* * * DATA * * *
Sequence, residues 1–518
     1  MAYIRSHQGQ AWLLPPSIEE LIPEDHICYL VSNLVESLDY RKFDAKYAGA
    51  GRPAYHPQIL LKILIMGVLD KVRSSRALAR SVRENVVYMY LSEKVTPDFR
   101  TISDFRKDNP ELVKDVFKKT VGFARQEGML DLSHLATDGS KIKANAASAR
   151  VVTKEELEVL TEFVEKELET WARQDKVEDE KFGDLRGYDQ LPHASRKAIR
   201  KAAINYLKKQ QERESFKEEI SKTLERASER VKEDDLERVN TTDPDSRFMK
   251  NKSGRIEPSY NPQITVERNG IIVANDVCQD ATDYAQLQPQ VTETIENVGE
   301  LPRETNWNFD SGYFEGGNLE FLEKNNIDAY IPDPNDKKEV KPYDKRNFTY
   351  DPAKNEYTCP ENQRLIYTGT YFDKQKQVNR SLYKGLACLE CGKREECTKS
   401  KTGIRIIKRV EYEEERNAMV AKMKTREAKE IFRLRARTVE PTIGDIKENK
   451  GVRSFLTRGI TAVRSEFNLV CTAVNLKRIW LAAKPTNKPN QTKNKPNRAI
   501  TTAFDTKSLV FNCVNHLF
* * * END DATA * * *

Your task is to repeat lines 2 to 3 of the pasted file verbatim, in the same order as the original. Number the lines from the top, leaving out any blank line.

     1  MAYIRSHQGQ AWLLPPSIEE LIPEDHICYL VSNLVESLDY RKFDAKYAGA
    51  GRPAYHPQIL LKILIMGVLD KVRSSRALAR SVRENVVYMY LSEKVTPDFR